Juan Cole has a "The Speech Bush SHOULD have Given" and it's quite good. In my opinion, during this year's inaugral Bush could have summed it up with the following: "Ha! I can't believe you people actually re-elected me! Unbelievable! Some people just loooove the abuse!!!"
Saturday, January 22, 2005
It's the third day of Eid. Eid is the Islamic holiday and usually it’s a time for families to get together, eat, drink and celebrate. Not this Eid. This Eid is unbearable. We managed a feeble gathering on the first day and no one was in a celebratory mood. There have been several explosions- some far and some near but even those aren't as worrisome as the tension that seems to be growing on a daily basis.
There hasn’t been a drop of water in the faucets for six days. six days. Even at the beginning of the occupation, when the water would disappear in the summer, there was always a trickle that would come from one of the pipes in the garden. Now, even that is gone. We’ve been purchasing bottles of water (the price has gone up) to use for cooking and drinking. Forget about cleaning. It’s really frustrating because everyone cleans house during Eid. It’s like a part of the tradition. The days leading up to Eid are a frenzy of mops, brooms, dusting rags and disinfectant. The cleaning makes one feel like there's room for a fresh start. It's almost as if the house and its inhabitants are being reborn. Not this year. We’re managing just enough water to rinse dishes with. To bathe, we have to try to make-do with a few liters of water heated in pots on kerosene heaters.
Water is like peace- you never really know just how valuable it is until someone takes it away. It’s maddening to walk up to the sink, turn one of the faucets and hear the pipes groan with nothing. The toilets don’t function… the dishes sit piled up until two of us can manage to do them- one scrubbing and rinsing and the other pouring the water.
Why is this happening? Is it because of the electricity? If it is, we should at least be getting water a couple of hours a day- like before. Is it some sort of collective punishment leading up to the elections? It’s unbelievable. At first, I thought it was just our area but I’ve been asking around and apparently, almost all of the areas (if not all) are suffering this drought.
I’m sure people outside of the country are shaking their heads at the words ‘collective punishment’. “No, Riverbend,” they are saying, “That’s impossible.” But anything is possible these days. People in many areas are being told that if they don’t vote- Sunnis and Shia alike- the food and supply rations we are supposed to get monthly will be cut off. We’ve been getting these rations since the beginning of the nineties and for many families, it’s their main source of sustenance. What sort of democracy is it when you FORCE people to go vote for someone or another they don’t want?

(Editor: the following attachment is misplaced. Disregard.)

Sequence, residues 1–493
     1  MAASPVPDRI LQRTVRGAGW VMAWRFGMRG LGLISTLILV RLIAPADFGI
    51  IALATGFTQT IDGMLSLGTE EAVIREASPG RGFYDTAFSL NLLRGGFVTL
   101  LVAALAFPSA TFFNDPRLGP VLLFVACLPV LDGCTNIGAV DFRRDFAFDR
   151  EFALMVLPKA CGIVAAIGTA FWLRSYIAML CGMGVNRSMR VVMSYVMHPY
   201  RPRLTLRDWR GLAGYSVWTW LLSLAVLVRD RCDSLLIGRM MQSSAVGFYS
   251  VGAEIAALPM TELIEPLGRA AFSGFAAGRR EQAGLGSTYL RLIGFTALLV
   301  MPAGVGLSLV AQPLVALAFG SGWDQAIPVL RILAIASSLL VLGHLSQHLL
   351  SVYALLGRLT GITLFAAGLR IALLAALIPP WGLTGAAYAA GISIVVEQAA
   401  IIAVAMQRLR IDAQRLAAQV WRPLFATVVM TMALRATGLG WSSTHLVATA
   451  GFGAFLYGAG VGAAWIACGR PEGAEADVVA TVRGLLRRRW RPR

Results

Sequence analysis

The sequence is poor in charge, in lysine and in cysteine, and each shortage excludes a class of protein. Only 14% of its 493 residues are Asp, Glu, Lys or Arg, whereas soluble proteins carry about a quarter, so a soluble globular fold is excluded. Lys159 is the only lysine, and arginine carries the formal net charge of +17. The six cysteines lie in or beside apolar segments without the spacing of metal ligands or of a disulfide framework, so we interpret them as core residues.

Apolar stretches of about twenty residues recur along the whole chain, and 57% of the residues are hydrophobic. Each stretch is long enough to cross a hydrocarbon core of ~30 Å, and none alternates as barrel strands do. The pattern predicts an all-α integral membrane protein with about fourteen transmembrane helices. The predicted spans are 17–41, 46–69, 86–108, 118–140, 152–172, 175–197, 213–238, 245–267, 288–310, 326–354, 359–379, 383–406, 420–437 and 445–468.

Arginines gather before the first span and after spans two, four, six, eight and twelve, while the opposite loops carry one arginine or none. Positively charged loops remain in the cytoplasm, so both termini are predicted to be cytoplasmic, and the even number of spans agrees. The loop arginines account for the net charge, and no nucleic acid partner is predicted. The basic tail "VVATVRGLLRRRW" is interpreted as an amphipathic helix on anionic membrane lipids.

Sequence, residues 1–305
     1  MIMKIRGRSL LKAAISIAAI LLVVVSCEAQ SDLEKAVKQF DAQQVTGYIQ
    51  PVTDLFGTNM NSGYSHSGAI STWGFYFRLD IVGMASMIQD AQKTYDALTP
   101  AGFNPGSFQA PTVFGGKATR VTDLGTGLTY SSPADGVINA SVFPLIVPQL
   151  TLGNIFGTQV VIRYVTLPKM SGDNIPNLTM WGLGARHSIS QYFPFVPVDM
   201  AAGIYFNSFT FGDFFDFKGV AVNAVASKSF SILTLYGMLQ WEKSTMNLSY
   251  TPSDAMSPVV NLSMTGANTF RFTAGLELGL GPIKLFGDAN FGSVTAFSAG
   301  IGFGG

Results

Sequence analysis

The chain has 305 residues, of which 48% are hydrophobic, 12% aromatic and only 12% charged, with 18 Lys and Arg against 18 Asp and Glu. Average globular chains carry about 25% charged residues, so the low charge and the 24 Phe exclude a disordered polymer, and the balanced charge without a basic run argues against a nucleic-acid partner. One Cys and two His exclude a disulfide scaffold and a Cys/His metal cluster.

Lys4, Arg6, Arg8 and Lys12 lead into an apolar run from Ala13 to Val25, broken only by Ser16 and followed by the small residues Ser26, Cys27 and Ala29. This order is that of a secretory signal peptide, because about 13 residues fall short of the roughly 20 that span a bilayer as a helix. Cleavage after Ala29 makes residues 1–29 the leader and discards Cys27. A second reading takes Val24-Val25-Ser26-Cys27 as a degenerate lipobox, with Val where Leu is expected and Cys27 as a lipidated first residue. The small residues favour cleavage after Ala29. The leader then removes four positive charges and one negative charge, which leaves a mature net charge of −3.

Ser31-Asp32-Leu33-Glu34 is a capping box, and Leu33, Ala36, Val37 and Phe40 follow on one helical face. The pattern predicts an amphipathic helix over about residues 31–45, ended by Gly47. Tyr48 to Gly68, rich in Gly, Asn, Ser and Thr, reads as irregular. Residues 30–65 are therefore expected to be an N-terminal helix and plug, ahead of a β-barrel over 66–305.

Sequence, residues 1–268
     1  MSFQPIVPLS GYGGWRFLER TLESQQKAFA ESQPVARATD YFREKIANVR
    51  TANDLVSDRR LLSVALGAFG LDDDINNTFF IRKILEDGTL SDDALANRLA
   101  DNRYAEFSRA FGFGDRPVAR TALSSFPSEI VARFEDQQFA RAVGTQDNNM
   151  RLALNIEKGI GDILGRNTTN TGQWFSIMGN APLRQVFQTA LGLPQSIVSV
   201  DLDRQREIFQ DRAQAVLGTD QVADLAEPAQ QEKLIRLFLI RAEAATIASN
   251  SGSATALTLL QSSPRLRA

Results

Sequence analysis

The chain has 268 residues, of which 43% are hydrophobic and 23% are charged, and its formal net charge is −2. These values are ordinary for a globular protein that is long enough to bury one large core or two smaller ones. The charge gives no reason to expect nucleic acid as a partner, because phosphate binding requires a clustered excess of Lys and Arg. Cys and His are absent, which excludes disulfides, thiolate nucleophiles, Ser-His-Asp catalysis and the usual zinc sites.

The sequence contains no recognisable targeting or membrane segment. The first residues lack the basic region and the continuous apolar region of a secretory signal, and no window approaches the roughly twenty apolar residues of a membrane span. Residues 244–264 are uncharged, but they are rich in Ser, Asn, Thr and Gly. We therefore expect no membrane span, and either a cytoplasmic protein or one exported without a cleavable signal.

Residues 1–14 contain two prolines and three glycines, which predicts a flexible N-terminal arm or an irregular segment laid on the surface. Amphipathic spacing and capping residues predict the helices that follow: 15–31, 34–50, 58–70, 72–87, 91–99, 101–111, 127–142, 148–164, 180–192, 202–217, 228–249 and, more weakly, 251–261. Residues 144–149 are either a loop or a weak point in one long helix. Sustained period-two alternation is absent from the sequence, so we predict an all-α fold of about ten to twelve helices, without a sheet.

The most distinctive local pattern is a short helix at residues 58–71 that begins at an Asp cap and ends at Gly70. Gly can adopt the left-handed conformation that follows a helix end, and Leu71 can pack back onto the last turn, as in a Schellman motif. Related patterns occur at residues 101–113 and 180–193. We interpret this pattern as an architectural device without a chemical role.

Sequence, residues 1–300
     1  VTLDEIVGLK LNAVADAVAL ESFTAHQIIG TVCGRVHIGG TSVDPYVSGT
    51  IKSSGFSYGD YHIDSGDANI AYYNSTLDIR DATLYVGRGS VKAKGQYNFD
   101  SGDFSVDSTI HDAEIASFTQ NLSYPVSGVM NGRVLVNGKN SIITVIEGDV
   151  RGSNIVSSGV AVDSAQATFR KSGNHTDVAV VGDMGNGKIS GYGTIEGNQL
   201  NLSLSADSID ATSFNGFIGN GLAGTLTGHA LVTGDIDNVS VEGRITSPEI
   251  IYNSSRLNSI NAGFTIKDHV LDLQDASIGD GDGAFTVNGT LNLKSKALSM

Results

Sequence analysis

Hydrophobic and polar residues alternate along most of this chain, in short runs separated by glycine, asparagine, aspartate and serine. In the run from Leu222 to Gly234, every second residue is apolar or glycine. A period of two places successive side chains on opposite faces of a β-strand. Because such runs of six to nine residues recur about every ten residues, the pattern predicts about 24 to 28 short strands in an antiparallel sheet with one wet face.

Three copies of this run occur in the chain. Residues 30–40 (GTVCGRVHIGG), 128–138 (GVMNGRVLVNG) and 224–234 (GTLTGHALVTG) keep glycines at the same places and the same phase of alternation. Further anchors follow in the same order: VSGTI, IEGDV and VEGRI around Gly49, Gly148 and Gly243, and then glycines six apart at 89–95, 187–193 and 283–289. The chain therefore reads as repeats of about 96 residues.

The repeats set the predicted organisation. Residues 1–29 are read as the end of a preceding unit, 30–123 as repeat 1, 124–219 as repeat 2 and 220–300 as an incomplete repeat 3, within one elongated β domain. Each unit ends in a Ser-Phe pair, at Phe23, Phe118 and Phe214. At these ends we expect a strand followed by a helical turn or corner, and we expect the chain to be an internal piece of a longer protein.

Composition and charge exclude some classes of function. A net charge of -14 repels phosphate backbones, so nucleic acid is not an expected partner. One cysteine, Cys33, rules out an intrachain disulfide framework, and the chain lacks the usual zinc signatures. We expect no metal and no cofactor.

Allawi’s people were passing out pamphlets a few days ago. I went out to the garden to check the low faucet, hoping to find a trickle of water and instead, I found some paper crushed under the garden gate. Upon studying it, it turned out to be some sort of “Elect Allawi” pamphlet promising security and prosperity, amongst other things, for occupied Iraq. I'd say it was a completely useless pamphlet but that isn't completely true. It fit nicely on the bottom of the cage of E.'s newly acquired pet parakeet.
They say the borders are closed with Jordan and possibly Syria. I also heard yesterday that people aren't being let into Baghdad. They have American check-points on the main roads leading into the city and they say that the cars are being turned back to wherever they came from. It's a bad situation and things are looking very bleak at this point.
It's amazing how as things get worse, you begin to require less and less. We have a saying for that in Iraq, "Ili yishoof il mawt, yirdha bil iskhooneh." Which means, "If you see death, you settle for a fever." We've given up on democracy, security and even electricity. Just bring back the water.
Saturday, January 15, 2005
Imad Khadduri's Blog...
Remember Imad Khadduri? He's the Iraqi nuclear scientist who wrote the book "Iraq's Nuclear Mirage" which is a must-read. He's finally blogging. Check out his site, "Free Iraq"- 'Free Iraq' being more of a command and not a description of the current state of the country...
He links a lot of interesting articles and always has commentary in English (plus some of the stuff he writes in Arabic).
The Phantom Weapons...
The phone hasn't been working for almost a week now. We just got the line back today. For the last six days, I'd pick up the phone and hear... silence. Nothing. This vast nothingness would be followed by a few futile 'hellos' and a forceful punching of some random numbers with my index finger. It isn't always like this, of course. On some days, you can pick up the telephone and hear a bunch of other people screaming "allooo? Allooo?" E. once struck up a conversation with a complete stranger over the phone because they were both waiting for a line. E. wanted to call our uncle and the woman was trying to call her grandson.
The dial-tone came about an hour ago (I've been checking since morning) and I'm taking advantage of it.
The electricity situation isn't very much better. We're getting two hours of electricity (almost continuous) and then eight hours of no electricity (continuous). We still can't get the generators going for very long because of the fuel shortage. Kerosene is really becoming a problem now. I guess we weren't taking it very seriously at first because, it really is probably the first time Iraq has seen a kerosene shortage and it is still difficult to believe. They say in 1991 when there was a gasoline shortage which lasted for the duration of the war and some time after, kerosene was always plentiful. This isn't the situation now. We're buying it for obscene prices and it's really only useful for the lamps and the heaters.